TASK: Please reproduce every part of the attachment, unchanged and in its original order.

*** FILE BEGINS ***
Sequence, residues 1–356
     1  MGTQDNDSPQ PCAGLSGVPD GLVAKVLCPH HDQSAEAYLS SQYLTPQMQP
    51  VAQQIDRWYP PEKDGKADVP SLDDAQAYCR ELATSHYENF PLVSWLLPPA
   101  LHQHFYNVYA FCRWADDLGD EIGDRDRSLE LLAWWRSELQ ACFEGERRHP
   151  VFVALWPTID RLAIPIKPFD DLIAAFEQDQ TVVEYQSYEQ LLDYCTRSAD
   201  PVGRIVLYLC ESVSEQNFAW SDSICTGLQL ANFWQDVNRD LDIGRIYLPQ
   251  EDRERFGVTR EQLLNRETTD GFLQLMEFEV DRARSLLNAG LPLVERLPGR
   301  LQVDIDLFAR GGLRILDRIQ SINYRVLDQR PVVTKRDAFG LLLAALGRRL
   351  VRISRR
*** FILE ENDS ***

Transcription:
Sequence, residues 1–356
     1  MGTQDNDSPQ PCAGLSGVPD GLVAKVLCPH HDQSAEAYLS SQYLTPQMQP
    51  VAQQIDRWYP PEKDGKADVP SLDDAQAYCR ELATSHYENF PLVSWLLPPA
   101  LHQHFYNVYA FCRWADDLGD EIGDRDRSLE LLAWWRSELQ ACFEGERRHP
   151  VFVALWPTID RLAIPIKPFD DLIAAFEQDQ TVVEYQSYEQ LLDYCTRSAD
   201  PVGRIVLYLC ESVSEQNFAW SDSICTGLQL ANFWQDVNRD LDIGRIYLPQ
   251  EDRERFGVTR EQLLNRETTD GFLQLMEFEV DRARSLLNAG LPLVERLPGR
   301  LQVDIDLFAR GGLRILDRIQ SINYRVLDQR PVVTKRDAFG LLLAALGRRL
   351  VRISRR